Bill to Kill ‘Death Panel’ Passes House Subcommittee

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Bipartisan vote moves forward a bill repealing Obamacare’s Medicare cost-cutting body.

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The House Subcommittee on Health voted on Wednesday to move forward with a bill that would repeal the Independent Payment Advisory Board (IPAB), a Medicare cost-cutting entity that has been derided by some Republicans as a “death panel.”

The bill’s sponsor, Rep. Phil Roe, M.D. (R-Tenn.), said that he feared IPAB would harm patient care as it doesn’t “have a mandate to improve patient care, but simply to meet a budget.” The American Medical Association (AMA) has voiced support for repealing IPAB. Although IPAB is not required to cut physician pay, the AMA has argued that IPAB could subject physicians to “double jeopardy” of expenditure reduction targets and potential payment reductions through the Medicare Physician Payment Formula.

Although two Democrats joined the Republican majority in the subcommittee vote, the bill is not expected to receive wide bipartisan support. In anticipation of the vote, the Obama administration issued a statement defending IPAB by contrasting it with a GOP-proposed Medicare reform plan, which the administration claims does nothing to reduce overall healthcare costs.

Penn Law’s Professor Theodore Ruger noted that the legislation was unlikely to pass in the Senate and that repealing IPAB would “undercut an important tool” in the Patient Protection and Affordable Care Act’s cost saving provisions.

The IPAB, established by the Affordable Care Act and scheduled to start operating in 2014, will have the authority to make cost-cutting recommendations in any year the Medicare Actuary projects the per capita costs growth rate will exceed predetermined growth targets. The recommendations would go into effect automatically unless blocked by an alternative Congressional proposal within a designated time period.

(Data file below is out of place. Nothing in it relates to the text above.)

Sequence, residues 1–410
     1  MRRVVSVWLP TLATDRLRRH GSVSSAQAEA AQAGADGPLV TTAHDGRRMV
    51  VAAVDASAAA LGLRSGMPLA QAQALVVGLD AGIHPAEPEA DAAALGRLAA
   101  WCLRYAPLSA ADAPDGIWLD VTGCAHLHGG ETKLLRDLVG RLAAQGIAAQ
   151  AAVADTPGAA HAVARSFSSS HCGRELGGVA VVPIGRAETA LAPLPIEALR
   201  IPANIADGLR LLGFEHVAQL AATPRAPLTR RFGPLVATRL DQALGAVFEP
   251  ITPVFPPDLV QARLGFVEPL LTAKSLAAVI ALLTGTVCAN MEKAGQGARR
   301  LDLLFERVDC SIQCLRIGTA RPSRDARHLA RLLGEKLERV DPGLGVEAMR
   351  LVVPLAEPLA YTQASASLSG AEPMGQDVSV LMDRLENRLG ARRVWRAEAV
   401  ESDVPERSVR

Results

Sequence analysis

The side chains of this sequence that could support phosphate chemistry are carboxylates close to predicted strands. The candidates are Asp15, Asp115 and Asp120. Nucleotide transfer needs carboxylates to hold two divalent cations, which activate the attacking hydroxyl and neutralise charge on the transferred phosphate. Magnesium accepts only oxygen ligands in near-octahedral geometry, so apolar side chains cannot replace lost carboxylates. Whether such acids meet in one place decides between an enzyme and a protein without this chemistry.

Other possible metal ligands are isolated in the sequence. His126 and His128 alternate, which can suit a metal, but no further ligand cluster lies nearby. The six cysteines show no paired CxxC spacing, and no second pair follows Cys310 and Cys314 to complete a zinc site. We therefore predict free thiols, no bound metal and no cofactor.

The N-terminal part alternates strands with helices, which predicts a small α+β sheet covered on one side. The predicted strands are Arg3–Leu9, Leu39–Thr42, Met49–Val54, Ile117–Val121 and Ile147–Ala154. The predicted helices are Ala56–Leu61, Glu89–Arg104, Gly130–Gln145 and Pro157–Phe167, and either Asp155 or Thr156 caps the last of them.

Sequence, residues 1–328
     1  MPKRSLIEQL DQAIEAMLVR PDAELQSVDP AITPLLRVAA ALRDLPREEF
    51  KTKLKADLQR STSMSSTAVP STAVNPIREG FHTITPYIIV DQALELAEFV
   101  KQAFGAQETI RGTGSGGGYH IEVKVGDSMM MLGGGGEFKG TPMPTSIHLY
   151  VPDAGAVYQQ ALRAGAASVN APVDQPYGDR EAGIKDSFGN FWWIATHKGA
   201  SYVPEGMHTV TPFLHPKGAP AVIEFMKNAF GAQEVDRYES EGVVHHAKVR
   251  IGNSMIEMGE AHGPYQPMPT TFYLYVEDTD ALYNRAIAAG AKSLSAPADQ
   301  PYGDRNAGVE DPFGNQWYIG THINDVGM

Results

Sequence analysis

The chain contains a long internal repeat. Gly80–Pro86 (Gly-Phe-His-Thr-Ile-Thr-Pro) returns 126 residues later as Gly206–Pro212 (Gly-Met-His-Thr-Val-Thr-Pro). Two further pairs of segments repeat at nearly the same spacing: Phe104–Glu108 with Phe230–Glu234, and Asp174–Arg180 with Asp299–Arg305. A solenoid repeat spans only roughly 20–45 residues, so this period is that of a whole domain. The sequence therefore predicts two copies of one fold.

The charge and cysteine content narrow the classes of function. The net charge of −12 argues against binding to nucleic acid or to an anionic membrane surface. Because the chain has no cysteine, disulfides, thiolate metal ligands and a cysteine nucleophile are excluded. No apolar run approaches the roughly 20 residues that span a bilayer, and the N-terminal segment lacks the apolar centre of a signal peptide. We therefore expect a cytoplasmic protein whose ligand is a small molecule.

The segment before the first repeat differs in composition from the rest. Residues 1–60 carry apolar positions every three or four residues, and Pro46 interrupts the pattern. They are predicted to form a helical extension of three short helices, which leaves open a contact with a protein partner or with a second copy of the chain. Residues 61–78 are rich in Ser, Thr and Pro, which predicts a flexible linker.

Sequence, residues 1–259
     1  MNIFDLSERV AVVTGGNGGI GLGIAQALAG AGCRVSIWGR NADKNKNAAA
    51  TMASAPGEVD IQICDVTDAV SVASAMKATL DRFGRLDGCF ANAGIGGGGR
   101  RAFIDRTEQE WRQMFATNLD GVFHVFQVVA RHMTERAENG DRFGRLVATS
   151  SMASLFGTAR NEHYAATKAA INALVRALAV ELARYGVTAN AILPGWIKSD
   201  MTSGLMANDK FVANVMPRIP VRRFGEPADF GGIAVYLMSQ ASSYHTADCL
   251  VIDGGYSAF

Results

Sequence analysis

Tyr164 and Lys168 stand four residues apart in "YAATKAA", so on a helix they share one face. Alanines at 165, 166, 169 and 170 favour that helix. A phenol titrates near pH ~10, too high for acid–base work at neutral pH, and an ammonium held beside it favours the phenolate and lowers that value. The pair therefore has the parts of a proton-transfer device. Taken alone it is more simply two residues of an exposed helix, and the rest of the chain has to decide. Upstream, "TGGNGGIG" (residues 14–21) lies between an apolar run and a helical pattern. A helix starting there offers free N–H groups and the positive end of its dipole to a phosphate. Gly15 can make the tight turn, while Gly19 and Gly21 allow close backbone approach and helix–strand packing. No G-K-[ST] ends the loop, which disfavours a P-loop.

IPAB recommendations are subject to certain limitations.  They may not ration health care, raise revenues or Medicare beneficiary premiums, increase Medicare beneficiary cost-sharing, or otherwise restrict benefits or modify eligibility criteria.  Proposals are subject to certification by the Medicare Actuary that the proposal will not increase net Medicare spending and must be submitted to the Medicare Payment Advisory Commission and the Department of Health and Human Services Secretary for comment and review.

Medicare reform has garnered significant attention from policy-makers in recent days. Earlier in February, two Republican Senators announced their plan to introduce a Medicare reform bill. The plan seeks to reduce Medicare spending by between $300 billion and $1 trillion in the next decade by increasing eligibility age to 67 for people born after 1959 and increasing the cap on premiums higher-income seniors pay. The House Ways and Means Committee has announced a hearing for March 6 that will examine IPAB’s impact on the Medicare program.

The IPAB was also the subject of a similar Senate bill in 2010, and another bill in 2011, both of which sought to amend the Affordable Care Act and eliminate the IPAB. Both bills have been referred to the Committee on Finance. Senator John Cornyn (R-TX) introduced a new bill seeking the repeal of IPAB on February 16, and it has been placed on the Senate’s legislative calendar.

In addition to the legislative efforts to repeal authority for the IPAB, the Board’s authority is being challenged by a 2010 lawsuit in an Arizona federal district court brought by the Goldwater Institute in which House GOP Reps. Jeff Flake and Trent Franks and former Rep. John Shadegg joined as plaintiffs.